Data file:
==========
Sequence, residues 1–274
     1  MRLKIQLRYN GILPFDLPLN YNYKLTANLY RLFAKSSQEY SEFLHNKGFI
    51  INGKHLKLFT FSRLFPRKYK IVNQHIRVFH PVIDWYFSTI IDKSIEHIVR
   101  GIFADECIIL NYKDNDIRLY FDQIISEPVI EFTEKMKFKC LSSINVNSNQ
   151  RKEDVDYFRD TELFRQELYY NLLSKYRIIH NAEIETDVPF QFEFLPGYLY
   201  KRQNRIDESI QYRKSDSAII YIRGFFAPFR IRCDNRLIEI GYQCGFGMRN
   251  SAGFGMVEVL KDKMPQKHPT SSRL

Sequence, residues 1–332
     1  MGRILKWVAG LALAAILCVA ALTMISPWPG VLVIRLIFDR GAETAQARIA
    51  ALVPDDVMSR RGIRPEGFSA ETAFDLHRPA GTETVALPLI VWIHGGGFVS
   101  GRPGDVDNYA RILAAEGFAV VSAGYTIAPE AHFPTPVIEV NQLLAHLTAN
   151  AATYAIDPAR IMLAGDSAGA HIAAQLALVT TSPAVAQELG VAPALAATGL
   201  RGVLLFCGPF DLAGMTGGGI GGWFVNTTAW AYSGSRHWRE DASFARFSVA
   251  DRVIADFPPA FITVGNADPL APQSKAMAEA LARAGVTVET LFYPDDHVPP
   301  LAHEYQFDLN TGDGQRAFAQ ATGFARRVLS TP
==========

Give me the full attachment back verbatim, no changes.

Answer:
Sequence, residues 1–274
     1  MRLKIQLRYN GILPFDLPLN YNYKLTANLY RLFAKSSQEY SEFLHNKGFI
    51  INGKHLKLFT FSRLFPRKYK IVNQHIRVFH PVIDWYFSTI IDKSIEHIVR
   101  GIFADECIIL NYKDNDIRLY FDQIISEPVI EFTEKMKFKC LSSINVNSNQ
   151  RKEDVDYFRD TELFRQELYY NLLSKYRIIH NAEIETDVPF QFEFLPGYLY
   201  KRQNRIDESI QYRKSDSAII YIRGFFAPFR IRCDNRLIEI GYQCGFGMRN
   251  SAGFGMVEVL KDKMPQKHPT SSRL

Sequence, residues 1–332
     1  MGRILKWVAG LALAAILCVA ALTMISPWPG VLVIRLIFDR GAETAQARIA
    51  ALVPDDVMSR RGIRPEGFSA ETAFDLHRPA GTETVALPLI VWIHGGGFVS
   101  GRPGDVDNYA RILAAEGFAV VSAGYTIAPE AHFPTPVIEV NQLLAHLTAN
   151  AATYAIDPAR IMLAGDSAGA HIAAQLALVT TSPAVAQELG VAPALAATGL
   201  RGVLLFCGPF DLAGMTGGGI GGWFVNTTAW AYSGSRHWRE DASFARFSVA
   251  DRVIADFPPA FITVGNADPL APQSKAMAEA LARAGVTVET LFYPDDHVPP
   301  LAHEYQFDLN TGDGQRAFAQ ATGFARRVLS TP